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best cardio for fat burning ?

Discussion in 'Strength & Conditioning' started by whinny, Dec 20, 2004.

  1. whinny

    whinny Guest

    what is the best way to do cardio for fat burning? I currently do cardio 4-5 times/week, either the stationary bike or jogging (outside). Sometimes I do the elliptical machine as well. When I ride the bike, I do 4 "hills" worth about 20 - 25 minutes (including warmup & cooldown). I was taught to use the scale of perceived intensity, so I get my heart rate up to 80% of its max. When I jog, I do 3 miles on (mild) hills. I'm now up to about 8 minute miles on my better days. Based on all the charts & monitors I've seen, I think I burn ~300 calories per cardio workout. If you can trust those charts.

    before you ask - I lift too, but not too much, maybe about once/twice a week for each muscle group. I don't want to get any bigger, just want to keep what I have.

    Either workout is about 20-30 minutes of cardio. For fat burning, would I be better off to lower the intensity and increase the time?
  2. AlB


    May 30, 2002
    Yes. Aim for an hour of aerobic exercise. This should be at an intensity where you could still carry on a conversation. If you can run that long without overtraining and injuring yourself, do so. If not, cycling is second best in my opinion. If you are able to swim laps properly, add that into the mix also.

  3. benji


    Sep 23, 2003
    I'd do High Intensity Interval Training for maximum fat-loss. I did it on a stairclimber. I warmed up for about 2 or 3 minutes, then 15 seconds of as fast as i could go followed by 45 seconds of catching my breath, repeated for 20 cycles. You can do it outside, on a treadmill, on an elliptical, on a bike, whatever. Sometimes when I run outside I will sprint for 2 light poles, then jog/walk 2, and repeat for however far I feel like going. I did this every other day and got my diet in check and lost 50 pounds in about 6 months. Good luck in your goals.
    And by the way, don't worry about getting bigger by lifting. I bust my ass every other day and I'm not a freakish monster. The only way to get too big is steroids and eating like a monster. If you lift weights it is good for you, I guarantee you won't get too bid.
  4. whinny

    whinny Guest

    oh great, now I have 2 conflicting responses. ;g anyone want to be tie-breaker?
  5. runnergirl


    Dec 5, 2004
    There's some truth in both intensity and length. It's about burning calories, the longer you go, the more calories you burn. That said you also burn more by going faster, but generally cannot maintain a higher intensity for a long period of time.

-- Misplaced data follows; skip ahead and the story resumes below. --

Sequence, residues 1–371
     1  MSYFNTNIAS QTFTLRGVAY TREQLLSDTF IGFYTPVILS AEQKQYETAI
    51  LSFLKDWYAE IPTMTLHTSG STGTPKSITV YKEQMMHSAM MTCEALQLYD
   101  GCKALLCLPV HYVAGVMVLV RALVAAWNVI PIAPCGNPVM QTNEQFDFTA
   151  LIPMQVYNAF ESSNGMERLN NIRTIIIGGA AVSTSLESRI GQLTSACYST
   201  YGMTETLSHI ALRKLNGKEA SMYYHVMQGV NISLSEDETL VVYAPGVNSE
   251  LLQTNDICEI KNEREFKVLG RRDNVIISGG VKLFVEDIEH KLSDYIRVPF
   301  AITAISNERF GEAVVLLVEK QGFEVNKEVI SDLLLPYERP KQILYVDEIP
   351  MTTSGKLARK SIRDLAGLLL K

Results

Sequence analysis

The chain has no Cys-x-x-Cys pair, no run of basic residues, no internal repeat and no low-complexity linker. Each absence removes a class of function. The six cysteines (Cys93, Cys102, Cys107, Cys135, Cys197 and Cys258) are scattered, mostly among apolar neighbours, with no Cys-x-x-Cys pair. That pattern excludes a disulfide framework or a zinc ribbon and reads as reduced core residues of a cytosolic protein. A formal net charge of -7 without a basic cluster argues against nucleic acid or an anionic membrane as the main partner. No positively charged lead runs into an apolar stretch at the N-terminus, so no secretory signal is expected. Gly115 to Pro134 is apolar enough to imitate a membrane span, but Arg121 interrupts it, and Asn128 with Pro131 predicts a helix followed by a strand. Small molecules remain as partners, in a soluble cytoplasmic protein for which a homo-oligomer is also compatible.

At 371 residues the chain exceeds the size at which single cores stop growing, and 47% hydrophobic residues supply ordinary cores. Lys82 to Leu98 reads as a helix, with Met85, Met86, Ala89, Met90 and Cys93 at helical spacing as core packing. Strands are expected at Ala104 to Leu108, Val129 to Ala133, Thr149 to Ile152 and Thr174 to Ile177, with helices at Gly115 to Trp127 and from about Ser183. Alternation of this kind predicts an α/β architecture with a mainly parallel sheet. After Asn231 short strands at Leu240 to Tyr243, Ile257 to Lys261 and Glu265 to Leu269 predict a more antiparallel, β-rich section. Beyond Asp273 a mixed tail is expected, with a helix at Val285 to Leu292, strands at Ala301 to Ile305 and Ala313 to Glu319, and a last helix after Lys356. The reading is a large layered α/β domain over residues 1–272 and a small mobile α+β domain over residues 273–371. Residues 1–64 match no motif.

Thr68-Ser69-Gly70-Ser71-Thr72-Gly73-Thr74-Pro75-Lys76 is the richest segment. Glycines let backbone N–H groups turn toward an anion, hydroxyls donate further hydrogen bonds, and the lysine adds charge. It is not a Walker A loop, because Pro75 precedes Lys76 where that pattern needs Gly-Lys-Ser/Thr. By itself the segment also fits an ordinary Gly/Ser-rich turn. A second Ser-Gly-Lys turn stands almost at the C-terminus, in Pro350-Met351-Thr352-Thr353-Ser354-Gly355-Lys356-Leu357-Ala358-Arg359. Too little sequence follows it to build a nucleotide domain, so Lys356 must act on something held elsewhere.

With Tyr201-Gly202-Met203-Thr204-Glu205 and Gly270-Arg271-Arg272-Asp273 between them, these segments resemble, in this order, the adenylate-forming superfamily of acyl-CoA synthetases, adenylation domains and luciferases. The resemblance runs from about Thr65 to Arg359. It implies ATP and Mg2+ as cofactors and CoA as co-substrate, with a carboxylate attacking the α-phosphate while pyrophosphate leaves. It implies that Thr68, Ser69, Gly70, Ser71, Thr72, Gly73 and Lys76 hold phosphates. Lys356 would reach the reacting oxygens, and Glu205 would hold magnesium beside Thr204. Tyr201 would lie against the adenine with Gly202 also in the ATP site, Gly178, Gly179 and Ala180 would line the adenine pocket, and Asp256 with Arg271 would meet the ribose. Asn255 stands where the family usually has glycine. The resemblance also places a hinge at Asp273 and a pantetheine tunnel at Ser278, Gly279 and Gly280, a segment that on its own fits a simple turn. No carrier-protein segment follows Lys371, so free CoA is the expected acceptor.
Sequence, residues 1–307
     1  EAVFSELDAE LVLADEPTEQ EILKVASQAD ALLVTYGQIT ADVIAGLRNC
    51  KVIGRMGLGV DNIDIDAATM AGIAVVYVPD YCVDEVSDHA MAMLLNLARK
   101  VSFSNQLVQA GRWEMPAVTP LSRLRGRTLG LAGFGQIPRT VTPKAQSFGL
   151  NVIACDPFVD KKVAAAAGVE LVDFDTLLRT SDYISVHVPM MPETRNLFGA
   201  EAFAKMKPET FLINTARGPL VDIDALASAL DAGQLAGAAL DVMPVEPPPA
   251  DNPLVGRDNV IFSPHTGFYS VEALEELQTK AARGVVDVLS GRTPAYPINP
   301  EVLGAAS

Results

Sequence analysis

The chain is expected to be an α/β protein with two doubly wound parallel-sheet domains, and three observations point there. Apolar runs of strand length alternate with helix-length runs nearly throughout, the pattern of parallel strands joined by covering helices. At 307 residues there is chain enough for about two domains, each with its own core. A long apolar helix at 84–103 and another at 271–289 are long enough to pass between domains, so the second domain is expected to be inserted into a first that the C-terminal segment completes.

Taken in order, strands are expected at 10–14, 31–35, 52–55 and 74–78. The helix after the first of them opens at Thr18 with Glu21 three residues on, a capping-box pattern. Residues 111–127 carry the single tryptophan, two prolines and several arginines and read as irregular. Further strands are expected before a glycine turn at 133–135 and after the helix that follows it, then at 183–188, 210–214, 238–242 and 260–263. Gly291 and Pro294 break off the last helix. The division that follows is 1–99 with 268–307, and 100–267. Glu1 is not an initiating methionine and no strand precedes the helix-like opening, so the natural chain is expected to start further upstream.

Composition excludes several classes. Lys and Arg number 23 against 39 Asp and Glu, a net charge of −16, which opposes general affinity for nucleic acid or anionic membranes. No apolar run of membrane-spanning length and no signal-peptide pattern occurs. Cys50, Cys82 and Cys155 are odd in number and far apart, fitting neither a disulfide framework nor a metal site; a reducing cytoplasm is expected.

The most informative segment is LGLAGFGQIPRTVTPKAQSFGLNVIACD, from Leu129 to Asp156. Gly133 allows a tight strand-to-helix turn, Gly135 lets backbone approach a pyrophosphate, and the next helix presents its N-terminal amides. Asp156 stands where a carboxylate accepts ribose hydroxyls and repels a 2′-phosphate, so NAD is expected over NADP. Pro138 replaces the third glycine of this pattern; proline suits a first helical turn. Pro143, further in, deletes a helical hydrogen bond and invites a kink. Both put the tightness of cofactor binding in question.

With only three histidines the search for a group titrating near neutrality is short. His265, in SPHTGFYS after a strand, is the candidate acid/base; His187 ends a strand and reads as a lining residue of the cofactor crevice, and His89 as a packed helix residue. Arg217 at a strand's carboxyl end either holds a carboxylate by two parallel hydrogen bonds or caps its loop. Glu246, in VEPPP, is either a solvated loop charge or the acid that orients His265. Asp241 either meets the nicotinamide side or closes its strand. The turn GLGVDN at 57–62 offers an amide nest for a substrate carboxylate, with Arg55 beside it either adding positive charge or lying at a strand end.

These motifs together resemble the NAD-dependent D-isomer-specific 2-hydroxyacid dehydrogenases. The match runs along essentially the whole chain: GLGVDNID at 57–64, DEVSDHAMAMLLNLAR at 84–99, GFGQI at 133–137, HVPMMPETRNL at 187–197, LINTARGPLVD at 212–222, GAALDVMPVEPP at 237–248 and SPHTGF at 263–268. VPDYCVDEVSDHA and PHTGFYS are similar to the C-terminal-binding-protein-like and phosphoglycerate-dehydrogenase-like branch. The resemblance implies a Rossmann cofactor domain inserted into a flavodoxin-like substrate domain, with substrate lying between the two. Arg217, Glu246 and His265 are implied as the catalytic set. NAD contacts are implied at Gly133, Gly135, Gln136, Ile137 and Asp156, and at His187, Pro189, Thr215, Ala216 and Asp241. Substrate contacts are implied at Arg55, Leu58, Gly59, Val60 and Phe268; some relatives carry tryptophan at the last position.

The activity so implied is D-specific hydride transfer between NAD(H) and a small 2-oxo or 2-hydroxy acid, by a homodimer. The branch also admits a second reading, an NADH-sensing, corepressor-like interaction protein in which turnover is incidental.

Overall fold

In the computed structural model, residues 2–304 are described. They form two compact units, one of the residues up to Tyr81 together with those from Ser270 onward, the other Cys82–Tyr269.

I can go out and run 6 miles in 60 minutes and burn about 600 calories. I also can go out and run a 40 minute interval workout on the track and burn about 350 calories-whatever benefit I get from the higher intensity laps (calorie wise) is negated by the slow recovery laps.

    So really, very little difference. It is important to not get stuck in a rut, switching up intesity is important, but it's really about putting in the time.
  6. benji


    Sep 23, 2003
    runnergirl is right. you can do it either way. i'd just rather get it over with in 20 minutes instead of an hour. the key to the hiit is to keep your sprints short enough that you can give it a 100% effort. some people try to do 60second sprint / 60 second rest, but you can't go all out for 60 seconds. it isn't the best for everyone, but it was the best for me. just doing any excercise is better than nothing, so be sure to get out and do something, whatever that something may be.
  7. Tom P

    Tom P Senior Member

    Jul 6, 2001
  8. California Jack

    California Jack Millennium Member

    Aug 2, 1999
    I had a lot of luck using Body For Life style cardio which is HIIT.

    Also old school wind sprints work for me.
  9. whinny

    whinny Guest

    That's what I've been doing, for the most part. With my own variations.

    I liked that site on HIIT but it's not specific or quantifable. How high to get your heart rate? (percentage of max) If you're not starting at the beginning, it's difficult to follow.

    Well I guess there are a lot of opinions & methods out there. I tend to be an all-or-nothing type, so I guess I'll stick with the HIIT. I wouldn't know how to pace myself if my life depended on it ...
  10. JesseCuster

    JesseCuster Army Dude Millennium Member

    Dec 30, 1999
    I lose weight at a reasonable pace (2 pounds per week) by doing HIIT, weight training and eating well.

    The theory behind HIIT is that you increase your body's metabolism for a period after you finish working out. Some believe it's best to do it early morning on an empty stomach: I can't say that I've noticed any difference any way but it does work. I got down to 222 pounds from 270 (or more, I was afraid to step on the scales) when I did HIIT.

    Plus it's not so dang boring. Sitting there and pedalling for an hour makes me want to chew my arms off.
  11. AlB


    May 30, 2002
    While I don't agree with HIIT, good luck with it. I just wanted to say one thing though. If you are using this kind of training for running AND you are not an experienced runner, be careful of running at 100% effort. Try to get a month or two of fairly easy running on your legs before you start consistently running at a maximum effort.
  12. California Jack

    California Jack Millennium Member

    Aug 2, 1999

    How could I forget? Your all-or-nothing statement reminded me. Try the Tabata Protocol. Search Tabata on Google. I'm too lazy to find links for you now. I'm too old to handle a steady diet of it. And my advice would be to try it with bodyweight squats, dumbell thrusters or rowing. Tabata sprinting is way too much for me.